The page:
Game Development Reference
Interview with Ryan Cleven: Social Platforms—cont'd
but only up to a certain limit. If you purchase the better ones with real
money, you can get roughly double that amount of bonus. Now because
this is not directly buying results, it feels different. There is a layer of indi-
rection to it, but you can definitely outpace everyone else's economy if
you buy these. People can still outperform other people by spending. The
same is true of other games that use virtual goods. They will do things
that make it really hard to earn the thing that will make you competitive,
but it is still, in theory, earnable. So they just put a big time investment
between you and that thing. The conceit is that it is earnable, but in actu-
ality, most people are buying it.
You have to be really careful about the performance-enhancing
items, though, because irrespective of the fairness, there is a player
investment problem. If a player can shortcut their way through to per-
formance, how much quicker do they go through their life cycle within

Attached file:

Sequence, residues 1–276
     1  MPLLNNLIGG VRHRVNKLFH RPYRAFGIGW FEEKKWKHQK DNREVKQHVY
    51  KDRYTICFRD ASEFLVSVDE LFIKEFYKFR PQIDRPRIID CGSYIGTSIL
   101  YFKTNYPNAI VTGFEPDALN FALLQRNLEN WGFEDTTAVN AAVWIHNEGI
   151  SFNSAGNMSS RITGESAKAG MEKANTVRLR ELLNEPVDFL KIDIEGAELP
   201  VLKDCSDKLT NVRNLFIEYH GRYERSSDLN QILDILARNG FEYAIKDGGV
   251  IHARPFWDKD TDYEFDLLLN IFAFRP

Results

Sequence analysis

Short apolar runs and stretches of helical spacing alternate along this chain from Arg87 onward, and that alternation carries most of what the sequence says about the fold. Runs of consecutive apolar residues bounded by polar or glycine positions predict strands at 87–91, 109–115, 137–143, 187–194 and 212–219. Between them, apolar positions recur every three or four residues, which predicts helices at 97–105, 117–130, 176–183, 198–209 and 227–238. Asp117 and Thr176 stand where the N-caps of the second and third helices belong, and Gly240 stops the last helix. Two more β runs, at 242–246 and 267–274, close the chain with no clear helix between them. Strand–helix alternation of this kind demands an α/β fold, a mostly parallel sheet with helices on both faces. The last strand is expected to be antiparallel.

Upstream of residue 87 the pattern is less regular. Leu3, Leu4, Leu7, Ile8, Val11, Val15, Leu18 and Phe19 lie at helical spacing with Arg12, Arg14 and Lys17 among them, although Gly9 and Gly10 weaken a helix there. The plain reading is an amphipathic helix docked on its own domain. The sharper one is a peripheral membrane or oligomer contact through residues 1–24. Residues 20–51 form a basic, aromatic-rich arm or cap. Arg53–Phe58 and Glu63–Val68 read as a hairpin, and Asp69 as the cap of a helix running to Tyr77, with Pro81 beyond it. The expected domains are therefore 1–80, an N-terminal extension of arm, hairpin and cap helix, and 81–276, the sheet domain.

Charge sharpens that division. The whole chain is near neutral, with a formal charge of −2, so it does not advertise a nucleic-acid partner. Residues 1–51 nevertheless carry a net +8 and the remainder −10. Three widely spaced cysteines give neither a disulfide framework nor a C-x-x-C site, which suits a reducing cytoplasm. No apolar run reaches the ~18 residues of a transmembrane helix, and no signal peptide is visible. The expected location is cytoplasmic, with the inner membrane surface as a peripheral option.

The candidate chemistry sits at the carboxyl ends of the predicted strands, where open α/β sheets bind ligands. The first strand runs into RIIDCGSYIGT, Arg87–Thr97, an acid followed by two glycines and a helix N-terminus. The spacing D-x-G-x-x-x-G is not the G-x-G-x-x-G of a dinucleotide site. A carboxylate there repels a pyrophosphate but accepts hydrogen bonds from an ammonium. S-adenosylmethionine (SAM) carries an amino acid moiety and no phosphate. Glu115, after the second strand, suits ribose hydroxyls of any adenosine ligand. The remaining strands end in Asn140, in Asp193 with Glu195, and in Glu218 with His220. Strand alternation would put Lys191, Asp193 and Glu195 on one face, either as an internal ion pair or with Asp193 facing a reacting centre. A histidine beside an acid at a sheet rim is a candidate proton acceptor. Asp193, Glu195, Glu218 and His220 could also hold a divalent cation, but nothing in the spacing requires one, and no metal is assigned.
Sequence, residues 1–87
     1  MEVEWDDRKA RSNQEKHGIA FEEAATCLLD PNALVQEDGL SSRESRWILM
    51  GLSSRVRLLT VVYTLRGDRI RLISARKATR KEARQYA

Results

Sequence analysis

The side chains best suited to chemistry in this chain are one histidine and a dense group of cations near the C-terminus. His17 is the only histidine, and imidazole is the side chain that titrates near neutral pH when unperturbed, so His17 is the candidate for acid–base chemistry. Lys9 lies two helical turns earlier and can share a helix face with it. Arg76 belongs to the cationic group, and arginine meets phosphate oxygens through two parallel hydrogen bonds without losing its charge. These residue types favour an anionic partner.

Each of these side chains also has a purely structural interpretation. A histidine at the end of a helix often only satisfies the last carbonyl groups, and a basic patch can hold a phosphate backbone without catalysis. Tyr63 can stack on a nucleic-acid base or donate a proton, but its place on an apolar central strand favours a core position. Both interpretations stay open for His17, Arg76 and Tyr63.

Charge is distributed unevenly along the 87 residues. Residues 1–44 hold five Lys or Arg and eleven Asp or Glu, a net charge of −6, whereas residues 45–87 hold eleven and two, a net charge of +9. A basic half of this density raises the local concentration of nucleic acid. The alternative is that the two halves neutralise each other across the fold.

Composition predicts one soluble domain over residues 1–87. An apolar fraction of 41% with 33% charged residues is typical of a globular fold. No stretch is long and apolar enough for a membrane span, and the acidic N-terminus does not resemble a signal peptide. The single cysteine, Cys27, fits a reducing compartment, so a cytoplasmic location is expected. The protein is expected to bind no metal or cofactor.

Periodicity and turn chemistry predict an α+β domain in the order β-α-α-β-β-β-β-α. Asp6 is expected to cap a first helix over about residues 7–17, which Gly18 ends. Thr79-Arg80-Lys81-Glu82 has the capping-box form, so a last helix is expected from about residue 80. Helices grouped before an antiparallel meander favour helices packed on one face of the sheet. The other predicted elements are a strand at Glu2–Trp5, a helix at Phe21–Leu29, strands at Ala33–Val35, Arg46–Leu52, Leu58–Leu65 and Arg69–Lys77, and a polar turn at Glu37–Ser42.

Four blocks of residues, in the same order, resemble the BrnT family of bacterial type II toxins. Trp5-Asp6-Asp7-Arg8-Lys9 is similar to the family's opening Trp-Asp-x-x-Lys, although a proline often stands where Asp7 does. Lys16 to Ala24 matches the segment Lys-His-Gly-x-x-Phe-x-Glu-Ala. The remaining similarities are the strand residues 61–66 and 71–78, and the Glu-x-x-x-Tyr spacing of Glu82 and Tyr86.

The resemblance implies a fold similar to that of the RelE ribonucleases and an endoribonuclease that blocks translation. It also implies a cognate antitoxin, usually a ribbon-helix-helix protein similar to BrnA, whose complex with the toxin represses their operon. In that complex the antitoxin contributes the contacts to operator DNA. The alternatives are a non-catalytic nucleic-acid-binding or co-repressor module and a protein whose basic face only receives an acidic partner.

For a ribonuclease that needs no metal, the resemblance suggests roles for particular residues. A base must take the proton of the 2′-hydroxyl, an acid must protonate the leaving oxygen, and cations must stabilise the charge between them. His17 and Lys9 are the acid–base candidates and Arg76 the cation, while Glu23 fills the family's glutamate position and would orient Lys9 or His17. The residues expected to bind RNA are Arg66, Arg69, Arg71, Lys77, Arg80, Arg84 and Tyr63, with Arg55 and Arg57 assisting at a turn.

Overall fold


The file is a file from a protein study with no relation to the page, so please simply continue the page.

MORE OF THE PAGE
the game? From a business and game design point of view, if a per-
son comes in and drops $20, becomes really powerful, tears through
the content, and they then eject, would you have been better off if
you'd asked them for $5 five different times? So you have to be careful
with performance-enhancing items because they can erode the longev-
ity of the experience, in addition to the enjoyment of that experience.
Finessing this is an art.
Q: Talk to me about user-created virtual goods.
A: There are a few social games out there based entirely on user-cre-
ated virtual goods, but the general pattern is that they make money by
commission from people trading back and forth. The really interesting
one out there is Team Fortress . They introduced a crafting system, but
then they also released a storefront where users could buy both unique
and craftable items. On top of that, Valve takes submissions for user-
created assets. These assets, once approved, will go up for sale. Valve
takes a commission from these items, and there is no possibility of buy-
ing these items with credits earned in game. The whole storefront is
entirely based on real money. This is similar to games like Second Life
where users can put in arbitrary content and sell it. The key difference
is that there is a crafting system built into the game that mixes with this
item ecosystem. It creates three tiers of player investment. There are
buyers, crafters, and sellers. A person could be all three, but for basi-
cally a team-based, nonprogression game, there is a ton of player cre-
ation and involvement.